Ravell Call, Deseret News
OGDEN — Usher Christina Myers was at her post near the stairs of the Ogden Tabernacle on Friday, smiling and greeting crowds of people walking by, when an older couple approached and asked if she wouldn't mind snapping a photo.
As Myers took their photo, she learned the man had proposed to his wife on the very spot 41 years earlier. They had come to celebrate that memory and tour the newly renovated Ogden LDS Temple of The Church of Jesus Christ of Latter-day Saints.
For Myers it was another precious moment among many she has had while serving as a volunteer during the Ogden Temple Open House. She is one of more than 27,000 volunteers who have or will serve at the open house before it concludes Sept. 6, prior to the temple rededication on Sept. 21.
"It's been absolutely fantastic," said Myers, who has volunteered each day during the open house. "To see the positive enthusiasm of all the volunteers who give of their time has been great. Having a temple in our midst has lifted everyone's spirits."
Mike and Bonnie King train and oversee the ushers during the open house. Each day, approximately 800 volunteers show up from four stakes in the temple district. Those from each stake (about 180 people from each) work a five-hour shift. They are divided into groups and assigned various tasks: parking, translation, shoe covers, on-site ticketing, disabled assistance, safety and security, the tabernacle, the temple grounds and the temple.
In additon to the daily volunteers, there are more than 350 supervising ushers who each work a minimum of eight hours a week, Mike King said.
Each stake volunteer comes for a short meeting/training session prior to standing at a post. They are enouraged to smile and be happy, represent the church well and make visitors feel comfortable. They are told to turn off their cellphones and not leave their posts until the next usher comes to replace them.
Mike King said he and his wife were terrified when given the assignment, but realized the Lord would send people to help them. Along the way, they have realized the importance of making daily small adjustments.
"We have had leaders working in this group that are so impressive, including physicians, lawyers, college professors, and former college presidents," Mike King said. "So there was no fear knowing the Lord is not going to let us fail if we give every bit of effort we have, and we have very capable people at the helm."
Although it's felt a little like the movie "Groundhog Day," it's been fulfilling, Bonnie King said.
"It took a lot of organization in the beginning, a lot more work than we thought it would be, but it has been rewarding work," Bonnie King said. "We joke that every four hours, six days a week, is 'Groundhog Day' here because we start all over again, and train a new set of ushers. For the most part, they all come wanting to do their very best, and they do."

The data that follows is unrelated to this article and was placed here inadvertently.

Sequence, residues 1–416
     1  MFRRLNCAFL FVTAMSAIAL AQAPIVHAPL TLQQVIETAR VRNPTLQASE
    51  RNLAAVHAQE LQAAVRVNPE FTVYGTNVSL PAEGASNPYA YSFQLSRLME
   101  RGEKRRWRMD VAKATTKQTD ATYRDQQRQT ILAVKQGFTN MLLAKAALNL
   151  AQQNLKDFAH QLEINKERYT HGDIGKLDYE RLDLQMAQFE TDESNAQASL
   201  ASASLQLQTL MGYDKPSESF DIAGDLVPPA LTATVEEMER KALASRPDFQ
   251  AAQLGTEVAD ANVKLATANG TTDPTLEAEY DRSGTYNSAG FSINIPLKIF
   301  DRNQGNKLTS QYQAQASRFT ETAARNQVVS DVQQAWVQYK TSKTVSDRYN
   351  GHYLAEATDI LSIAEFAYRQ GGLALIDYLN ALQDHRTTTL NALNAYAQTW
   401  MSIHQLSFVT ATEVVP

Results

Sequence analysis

Friday's volunteers came from LDS stakes in Evanston, Wyoming, and Coalville. Travis Olson, of Evanston, enjoyed assisting people with wheelchairs at the handicapped entrance of the Tabernacle. Visitors from several large nursing homes arrived, and wheelchairs were in high demand, he said.
"It's a little overwhelming, but it's rewarding to help these people," Olson said.
Another Evanston resident, Nils Piiparinen, assisted with the wheelchairs in the temple. The 18-year-old, recently called as a missionary in Tallahassee, Florida, felt the experience would serve as mission preparation.
Jana Cooke, of Hooper, has been coming to the temple for an hour each week to play relaxing, worshipful music on the piano as visitors walk through the reception tent.
"I have had multiple people come and say thank you or ask if I'm enjoying myself," Cook said. "I tell them I love it, that I am having a blast."
Lindsey Kennedy and her husband got up at 4:30 a.m. to drive to Ogden. She spent her shift smiling and placing shoe covers on visitors' feet while her husband pushed wheelchairs through the temple.
"It's not bad. It's been fun to meet people. Some kids cry because they don't want the shoe covers," Kennedy said. "But I've learned it's good to serve even if you don't know who you are serving."
John Lowe, of Liberty, helps supervise ushers at the Tabernacle each Friday.
“It’s been a wonderful experience," Lowe said. "It's amazing how devoted people are to serve. The enthusiasm has been great. People are excited about the beautiful new temple."
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